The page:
Well, I had my first experience with paddleboarding on Sunday. I posted a quick FB update about it, but I thought I'd go ahead and tell the WHOLE story here....in my little corner of the world.
It all came to be when my neighbors, Bradley & Parla, saw me catchin' some rays on my balcony this weekend. I was taking advantage of the first sunny day & clear blue sky since '91. You see, we share this little catwalk/dock in our backyard which makes the perfect place to put in kayaks, paddleboards, basically anything without a motor. They shouted for me to come down and give it a try when they finished paddling around the island.
They came back about an hour later with a peaceful, uneventful trip to report. Now it was my turn, along with Bradley's friend Paul. We set out with no problems....just a relaxing little Sunday paddleboarding, right? Calm, quiet creeks, sunshine glistening off the water, conversation about the beautiful weather. Pretty sure I jinxed us when I said something along the lines of, "This is easier than I thought!"
Just about that time we had to go under a low bridge. Yep. And Paul warned me about 30 seconds before I went under NOT to put my feet down if I happened to fall off underneath the bridge. It was shallow and the rocks/oyster shells would cut me. Cool. Not only do I have to squat on the paddleboard AND balance AND paddle....but I also cannot fall off. Or else!!!
Success. Obstacle #1: Conquered.
Rounding the next bend was when we hit the current. We had been flowin' right along up until this point. But that current, it's no joke. About 5 minutes into the fight, it was clear that my paddleboard was not going in the direction where it was pointed. In fact, it was doing the complete opposite and spinning in circles like a duck with one leg. Paul, at this point, thinks I'm a pansy- weak and tired....and probably a complete idiot. So he tries to give me tips: "Try two strokes on one side, two on the other!"That's what I'm doing!" Did he not realize I was an expert up until this moment? I tried everything from kneeling on the paddleboard to laying on my stomach and paddling with my hands. Nothing was helping my cause and the current kept taking me backwards. Finally he came to a remarkable conclusion: my back fin/rudder/whatever you call it... was gone. (Did you know paddleboards have those things? Well they do.) Steering a ship without a rudder is no easy task, let me tell ya. And we were probably another 45 min away from the dock. Paul to the rescue. We switched boards so that he had the gimp one for awhile to hopefully get us around the next bend.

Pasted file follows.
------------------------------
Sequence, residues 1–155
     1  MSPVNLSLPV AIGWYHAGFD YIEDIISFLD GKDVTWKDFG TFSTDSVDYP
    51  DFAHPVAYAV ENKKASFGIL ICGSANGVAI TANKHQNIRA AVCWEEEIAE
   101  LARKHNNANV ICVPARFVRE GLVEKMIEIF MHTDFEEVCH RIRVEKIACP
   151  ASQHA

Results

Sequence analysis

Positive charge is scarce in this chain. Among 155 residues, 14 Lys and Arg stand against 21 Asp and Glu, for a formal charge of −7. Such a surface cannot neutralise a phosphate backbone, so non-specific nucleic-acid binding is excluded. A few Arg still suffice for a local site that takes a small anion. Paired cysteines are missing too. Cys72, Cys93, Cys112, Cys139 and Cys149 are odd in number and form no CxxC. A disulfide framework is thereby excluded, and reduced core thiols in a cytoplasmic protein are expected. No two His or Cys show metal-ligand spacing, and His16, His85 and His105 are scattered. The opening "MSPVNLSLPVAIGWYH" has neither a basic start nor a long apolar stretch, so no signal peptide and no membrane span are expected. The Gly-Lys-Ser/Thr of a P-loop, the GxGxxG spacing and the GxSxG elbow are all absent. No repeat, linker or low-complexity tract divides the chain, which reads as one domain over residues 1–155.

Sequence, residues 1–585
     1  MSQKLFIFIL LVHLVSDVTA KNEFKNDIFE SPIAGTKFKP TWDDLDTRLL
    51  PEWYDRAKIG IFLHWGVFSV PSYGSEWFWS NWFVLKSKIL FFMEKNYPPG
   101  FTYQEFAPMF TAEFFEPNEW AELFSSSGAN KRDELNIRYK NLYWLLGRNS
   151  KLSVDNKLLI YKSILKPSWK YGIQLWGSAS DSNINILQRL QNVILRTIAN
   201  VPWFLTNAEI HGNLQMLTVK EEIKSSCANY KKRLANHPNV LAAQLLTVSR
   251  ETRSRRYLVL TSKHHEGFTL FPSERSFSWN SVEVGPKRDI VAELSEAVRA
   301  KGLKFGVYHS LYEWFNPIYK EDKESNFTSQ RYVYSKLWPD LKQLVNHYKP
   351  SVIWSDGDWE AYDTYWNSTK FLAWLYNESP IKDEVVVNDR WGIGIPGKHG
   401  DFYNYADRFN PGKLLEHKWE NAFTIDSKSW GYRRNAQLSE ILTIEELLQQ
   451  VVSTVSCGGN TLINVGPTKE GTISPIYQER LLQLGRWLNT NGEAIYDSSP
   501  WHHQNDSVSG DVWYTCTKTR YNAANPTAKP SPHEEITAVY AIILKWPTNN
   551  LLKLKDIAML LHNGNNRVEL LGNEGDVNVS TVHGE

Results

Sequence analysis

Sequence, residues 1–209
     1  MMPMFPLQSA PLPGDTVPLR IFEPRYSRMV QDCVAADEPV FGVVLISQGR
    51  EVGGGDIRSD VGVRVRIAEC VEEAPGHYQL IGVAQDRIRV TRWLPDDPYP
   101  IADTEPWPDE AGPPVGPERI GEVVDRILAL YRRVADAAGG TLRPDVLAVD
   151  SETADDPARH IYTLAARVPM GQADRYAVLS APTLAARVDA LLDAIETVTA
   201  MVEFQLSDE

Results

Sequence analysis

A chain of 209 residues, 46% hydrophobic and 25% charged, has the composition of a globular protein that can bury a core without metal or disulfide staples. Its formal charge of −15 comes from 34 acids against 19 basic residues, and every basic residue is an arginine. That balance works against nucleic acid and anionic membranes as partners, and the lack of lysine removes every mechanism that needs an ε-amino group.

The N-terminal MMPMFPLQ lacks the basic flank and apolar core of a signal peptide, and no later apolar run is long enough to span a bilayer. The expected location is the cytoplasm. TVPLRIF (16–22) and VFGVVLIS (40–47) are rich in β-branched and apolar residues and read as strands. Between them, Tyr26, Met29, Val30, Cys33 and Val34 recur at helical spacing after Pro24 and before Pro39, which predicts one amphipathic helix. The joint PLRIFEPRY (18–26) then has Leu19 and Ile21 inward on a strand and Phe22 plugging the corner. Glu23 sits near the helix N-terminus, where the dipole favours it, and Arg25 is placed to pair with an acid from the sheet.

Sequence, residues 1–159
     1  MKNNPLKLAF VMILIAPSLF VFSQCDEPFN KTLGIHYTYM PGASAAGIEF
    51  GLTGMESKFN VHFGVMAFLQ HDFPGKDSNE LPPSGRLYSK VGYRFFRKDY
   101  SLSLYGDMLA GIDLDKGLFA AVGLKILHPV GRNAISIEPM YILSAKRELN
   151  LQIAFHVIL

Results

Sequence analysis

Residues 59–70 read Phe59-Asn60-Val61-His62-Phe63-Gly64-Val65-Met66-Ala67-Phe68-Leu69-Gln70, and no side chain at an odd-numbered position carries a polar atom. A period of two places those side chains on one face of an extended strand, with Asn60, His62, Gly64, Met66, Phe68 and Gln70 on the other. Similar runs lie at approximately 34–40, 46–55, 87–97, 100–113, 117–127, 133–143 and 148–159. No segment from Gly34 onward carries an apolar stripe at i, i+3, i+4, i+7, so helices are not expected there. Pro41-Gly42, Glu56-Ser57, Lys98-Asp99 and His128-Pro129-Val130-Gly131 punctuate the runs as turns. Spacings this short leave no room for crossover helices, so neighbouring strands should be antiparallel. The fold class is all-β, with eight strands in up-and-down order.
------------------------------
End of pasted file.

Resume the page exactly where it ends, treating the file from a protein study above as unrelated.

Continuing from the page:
Obstacle #2: Solved. Thanks Paul. And might I add, that we switched boards without falling in. I was kind of shocked.
Smooth sailing at this point. A very still and quiet stretch of river. Then came the problem: dolphins. For 98% of the population this is exciting and wonderful. However, me no likey the dolphins :) Sharks? eh...no big deal. But dolphins, I don't want to be in the water with them. Its an irrational fear, I know this. Ask me why & I'll tell you. Anyway, this gave me 10x more incentive NOT to fall off of the board.
Obstacle #3: I remained standing. The dolphins caused me no harm.
The final stretch of our journey. I felt sorry for Paul because he had the gimpy board for the remainder of the time. I offered to switch back but he wasn't having it. However, an offer that he did not refuse was when I suggested he hook on to the back of my board and I pull him in the rest of the way to the dock. He proceeded to stretch out on the board, prop himself up on his elbow, and allow me tow him in. Where was Parla with her camera when we needed her?
So we made it back. My hands were the sorest part of my body the next day from having a death grip on the paddle for an hour and a half. But, now I'm schooled in paddleboarding and I can't wait to do it again!